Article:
clean eating

Clean eating really started to resonate with me when I was working on package designs for the food industry. I was often faced with the challenge of fitting a zillion long ingredients in a small area. I had never studied the ingredients in processed food so closely, and I was shocked to find so many ingredients I couldn’t even pronounce. I developed my own guidelines for what I was putting into my body; if it has too many ingredients that I can’t buy in the store, it’s not real food. If it came from something living, it is real food. Sounds simple enough, right?

It is very simple, but in today’s world of super-supermarkets and junk filled convenience stores, it can be very difficult. These places are packed with fake food and “diet” foods that state healthy claims on the front to get you to buy it. This is not real food, people! This is the food industry trying to get your money. Trust me, I work in marketing.

Just before I turned 21, I tried the South Beach diet with my mom, and that’s when I decided that diets don’t work. I didn’t need to go on a diet, I needed to change my diet. I knew the basics; eat fruits and veggies and get plenty of protein, but I didn’t know what else was “safe.” Ever since then, I’ve been searching for what’s right to eat and what’s wrong. There’s so much information out there, and it’s all contradicting. Carbs are bad, they make you fat. No, carbs are good, you need the energy. Don’t eat sugar, use artificial sweetener. No, don’t use artificial sweetener unless you want to grow a third nipple. Your body needs protein. Not too much protein, or you’ll become the Hulk. Seriously? With all these “health tips” floating around the internet and magazines, how are we supposed to know what’s real?

Let’s go back in time a few hundred years. Did they serve Cheez-its and Double Stuffed Oreos at the signing of the Declaration of Independence? No, obviously they didn’t want to get crumbs on it, they only had one copy. Ok but seriously, think about it. Back before all this junk came out, people got along just fine without it.


I feel I’ve come a long way in my quest to eat right. I eat plenty of fruit on a daily basis, as well as greek yogurt. Now there’s the question of buying organic. This is something that makes sense to me without doing research, if it’s covered in pesticides, why would I want to eat it? I don’t buy all organic because it’s not always available to me, but I’m considering driving the extra miles to Whole Foods instead of Market Basket. We’ll see how that goes…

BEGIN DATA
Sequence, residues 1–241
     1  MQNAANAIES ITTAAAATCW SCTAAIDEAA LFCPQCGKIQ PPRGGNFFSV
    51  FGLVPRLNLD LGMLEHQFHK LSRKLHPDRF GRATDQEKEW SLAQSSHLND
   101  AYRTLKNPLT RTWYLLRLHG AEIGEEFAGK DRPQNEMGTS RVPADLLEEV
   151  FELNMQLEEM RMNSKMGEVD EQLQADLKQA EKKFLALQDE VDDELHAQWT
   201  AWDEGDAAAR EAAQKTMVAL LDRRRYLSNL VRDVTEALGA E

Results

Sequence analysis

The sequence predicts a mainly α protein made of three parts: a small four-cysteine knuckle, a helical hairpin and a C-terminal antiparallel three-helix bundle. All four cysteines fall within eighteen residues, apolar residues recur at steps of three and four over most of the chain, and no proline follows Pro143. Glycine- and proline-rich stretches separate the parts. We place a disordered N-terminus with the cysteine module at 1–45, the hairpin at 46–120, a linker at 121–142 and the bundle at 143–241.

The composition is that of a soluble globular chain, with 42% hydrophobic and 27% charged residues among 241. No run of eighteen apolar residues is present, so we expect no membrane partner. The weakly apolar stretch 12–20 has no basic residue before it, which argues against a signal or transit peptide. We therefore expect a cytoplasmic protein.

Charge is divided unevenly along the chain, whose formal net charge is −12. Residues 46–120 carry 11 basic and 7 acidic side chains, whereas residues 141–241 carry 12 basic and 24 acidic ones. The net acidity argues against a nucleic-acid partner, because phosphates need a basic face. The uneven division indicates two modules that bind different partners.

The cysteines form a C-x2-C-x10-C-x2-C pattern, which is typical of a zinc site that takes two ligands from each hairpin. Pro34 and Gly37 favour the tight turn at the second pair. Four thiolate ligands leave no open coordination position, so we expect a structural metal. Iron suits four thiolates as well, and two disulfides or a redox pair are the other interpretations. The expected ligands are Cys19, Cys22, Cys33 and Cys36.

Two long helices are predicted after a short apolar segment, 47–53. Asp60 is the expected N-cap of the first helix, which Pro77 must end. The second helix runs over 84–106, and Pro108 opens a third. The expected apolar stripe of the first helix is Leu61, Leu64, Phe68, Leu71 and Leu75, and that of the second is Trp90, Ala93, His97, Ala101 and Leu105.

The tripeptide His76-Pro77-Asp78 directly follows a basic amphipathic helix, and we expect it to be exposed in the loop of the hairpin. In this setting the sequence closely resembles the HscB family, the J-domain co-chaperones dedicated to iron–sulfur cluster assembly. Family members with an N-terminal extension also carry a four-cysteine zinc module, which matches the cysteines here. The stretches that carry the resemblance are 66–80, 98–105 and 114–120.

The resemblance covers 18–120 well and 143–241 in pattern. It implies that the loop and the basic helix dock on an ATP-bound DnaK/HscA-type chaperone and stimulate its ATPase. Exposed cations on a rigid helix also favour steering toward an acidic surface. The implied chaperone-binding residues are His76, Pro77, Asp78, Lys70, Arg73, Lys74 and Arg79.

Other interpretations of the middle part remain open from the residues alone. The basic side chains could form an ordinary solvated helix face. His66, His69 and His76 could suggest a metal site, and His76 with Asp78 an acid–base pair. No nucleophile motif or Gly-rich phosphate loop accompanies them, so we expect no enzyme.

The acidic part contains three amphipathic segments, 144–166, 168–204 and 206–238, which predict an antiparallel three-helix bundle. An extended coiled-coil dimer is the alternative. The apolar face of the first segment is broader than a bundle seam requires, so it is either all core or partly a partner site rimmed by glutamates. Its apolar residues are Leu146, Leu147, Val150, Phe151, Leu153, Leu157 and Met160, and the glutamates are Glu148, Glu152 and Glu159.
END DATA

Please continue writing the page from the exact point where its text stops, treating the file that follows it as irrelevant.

For years I was trying to find a brand of bread that wasn’t full of bogus ingredients. I tried many, but just a few weeks ago I finally discovered Ezekiel 4:9 Bread sprouted grain bread. It’s a game changer. I don’t feel guilty eating it, because it’s actually nutritious.

favorite breakfast, ezekiel bread topped with almond butter and an egg

favorite breakfast, ezekiel bread topped with almond butter and an egg

The other day, my BFF Steph (ha, rhymes…) introduced me to a clean eating book called The Eat-Clean Diet Recharged. I immediately downloaded it to my kindle and dove in. This was the lifestyle definition I had been searching for! The eat-clean diet. Not the Atkins diet, not the South Beach, not Paleo, Dukan, etc. Simply eat clean.


I had crock pot meal cooking all day while I was at work today. Coming home to the smell of an already cooked dinner is a pretty good feeling, but I couldn’t help but wonder what exactly was simmering in there. The crock pot lasagna soup recipe called for canned diced tomatoes, tomato paste, beef broth, ground beef, onion, garlic, pasta, and some spices. I looked at the ingredients on the box of shells I had put in:

photo (1)

I’m not really sure what these ingredients mean, but I know it doesn’t sound very appetizing. Looks like I need to find a clean pasta! When I checked the ingredients on the tomatoes, I expected to see “tomatoes” and maybe one other thing. Nope, this contains calcium chloride (a firming agent) and citric acid (preservative). When I googled these, I learned that calcium chloride is also used to prevent ice from forming on roads because it’s safe for plants and soil, except roadside evergreen trees. Interesting.

Though this dinner was very easy and tasted alright (after I added shredded cheese, bad girl!), I’m not sure I’ll be making it again anytime soon.

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